March 22 (Bloomberg) -- Thailand’s benchmark stock index fell the most since October 2011, completing its biggest weekly slump since the peak of the 2008 global financial crisis, on concern the bourse may increase margin requirements on trading.
The SET Index slid 3.3 percent, the most since Oct. 3, 2011, to 1,478.97 at the close in Bangkok. The gauge tumbled 7.5 percent this week, the biggest weekly drop since November 2008. The measure’s 30-day volatility climbed to 16.6 today, the highest since July 3, data compiled by Bloomberg show. Italian-Thai Development Pcl sank 7.1 percent. Advanced Info Service Pcl fell 4.3 percent, the biggest loss since Aug. 27.
The exchange may increase the level of collateral that customers must maintain in their trading accounts to 20 percent of their credit line, from 15 percent, the bourse said in a statement late yesterday. The rule change may reduce risks to the clearing system and help reduce volatility, the bourse said.
“Some brokers are asking their clients to sell” ahead of the proposed change, Padon Vannarat, an investment strategist at Maybank Kim Eng Securities Pcl, Thailand’s biggest stock brokerage, said in a phone interview today. “They are worried about this and sold today. When someone starts selling, everyone follows. The market reacted too much to the news.”
The measure, to be discussed with brokers on March 26, is just a proposal at this stage and isn’t a major factor in the index’s decline, central bank Governor Prasarn Trairatvorakul said today. Prasarn says the Thai equity markets gained more than regional peers recently, and are now consolidating.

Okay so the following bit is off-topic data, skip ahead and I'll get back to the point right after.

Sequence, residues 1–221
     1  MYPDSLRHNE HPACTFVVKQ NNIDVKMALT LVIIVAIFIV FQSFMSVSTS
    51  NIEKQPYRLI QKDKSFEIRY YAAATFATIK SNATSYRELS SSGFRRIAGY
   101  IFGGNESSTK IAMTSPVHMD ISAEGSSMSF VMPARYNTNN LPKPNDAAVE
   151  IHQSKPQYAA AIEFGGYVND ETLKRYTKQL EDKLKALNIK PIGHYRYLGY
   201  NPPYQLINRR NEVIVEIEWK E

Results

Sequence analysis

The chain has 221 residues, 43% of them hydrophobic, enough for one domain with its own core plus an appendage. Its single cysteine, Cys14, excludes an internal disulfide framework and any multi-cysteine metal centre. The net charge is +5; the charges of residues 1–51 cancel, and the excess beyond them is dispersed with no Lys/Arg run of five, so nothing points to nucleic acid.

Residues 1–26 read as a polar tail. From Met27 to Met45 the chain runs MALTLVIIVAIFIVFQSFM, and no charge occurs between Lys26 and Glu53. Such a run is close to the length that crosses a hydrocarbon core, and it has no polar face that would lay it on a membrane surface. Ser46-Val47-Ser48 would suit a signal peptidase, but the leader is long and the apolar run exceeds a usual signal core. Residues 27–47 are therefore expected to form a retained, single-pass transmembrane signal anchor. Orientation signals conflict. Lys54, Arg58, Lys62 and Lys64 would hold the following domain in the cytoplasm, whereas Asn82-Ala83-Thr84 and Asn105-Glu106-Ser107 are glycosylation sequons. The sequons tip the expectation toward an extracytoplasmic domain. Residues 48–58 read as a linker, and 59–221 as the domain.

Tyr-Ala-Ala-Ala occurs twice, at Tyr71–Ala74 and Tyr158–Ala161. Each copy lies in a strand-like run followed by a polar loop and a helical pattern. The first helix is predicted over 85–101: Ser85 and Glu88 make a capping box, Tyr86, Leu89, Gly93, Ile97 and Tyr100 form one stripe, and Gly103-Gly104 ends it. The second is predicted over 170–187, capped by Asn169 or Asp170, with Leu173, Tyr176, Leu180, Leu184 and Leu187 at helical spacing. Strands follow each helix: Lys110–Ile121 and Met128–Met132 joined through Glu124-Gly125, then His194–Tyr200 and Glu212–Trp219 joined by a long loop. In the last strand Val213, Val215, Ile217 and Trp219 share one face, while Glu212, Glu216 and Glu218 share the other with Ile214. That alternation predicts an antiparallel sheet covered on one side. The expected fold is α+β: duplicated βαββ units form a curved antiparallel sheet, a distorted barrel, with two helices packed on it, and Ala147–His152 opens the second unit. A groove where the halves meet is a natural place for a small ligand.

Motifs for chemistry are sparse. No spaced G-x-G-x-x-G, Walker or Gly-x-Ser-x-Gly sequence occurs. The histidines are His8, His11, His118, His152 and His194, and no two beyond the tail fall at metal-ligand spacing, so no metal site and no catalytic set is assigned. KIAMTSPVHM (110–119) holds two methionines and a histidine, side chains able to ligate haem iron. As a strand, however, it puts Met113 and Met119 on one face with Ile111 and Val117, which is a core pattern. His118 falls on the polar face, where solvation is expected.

Increased Thai infrastructure investment and consumer spending have lured foreign fund inflows that have driven the SET Index up 24 percent in the past year and boosted the baht by 5.2 percent versus the dollar, making it the second-best performer among emerging markets. Special measures to stem the baht’s rapid appreciation aren’t needed at the moment, Thai Finance Minister Kittiratt Na-Ranong told reporters in Bangkok this week.
“There is a concern among investors that maybe the governor of the Bank of Thailand may do something to interrupt or intervene the strengthening of the Thai baht,” Prapas Tonpibulsak, who helps manage about $5.5 billion as chief investment officer at Krungsri Asset Management Co., said by phone from Bangkok. In spite of official denials, “there are still concerns.”
The SET gauge rose to the highest level since 1994 last week to trade at 14 times estimated 12-month earnings, the most since Bloomberg began tracking data in 2006. Valuations have since fallen to 13.2 times, the lowest level since Jan. 23, the data show.
International investors bought a net $2.5 billion of Thai equities last year, the most since 2010, according to data compiled by Bloomberg. Overseas investors have sold about $220 million of Thai equities in the past four days, reducing this year’s net purchases to $82.9 million, down 97 percent for the same period in 2012.
“A lot of people are afraid that there could be certain measures to curb the baht from further strengthening,” Kongkiat Opaswongkarn, chief executive officer at Asia Plus Securities Pcl, Thailand’s second-biggest stock brokerage by value, said today by phone. The proposal to change cash-account levels “made the situation worse because the market had come down already and this further pushed the market down.”
The baht reached this week its strongest level since the currency’s devaluation in July 1997 sparked the Asian financial crisis. The baht lost 0.3 percent to 29.30 per dollar today.
Fitch Ratings raised its assessment on Thailand this month, citing a resilient economy and improving political stability. Prime Minister Yingluck Shinawatra helped defuse tension in 2011 by shelving measures that could allow the return to Thailand of her brother, former prime minister Thaksin Shinawatra, who was ousted in a military coup in 2006.
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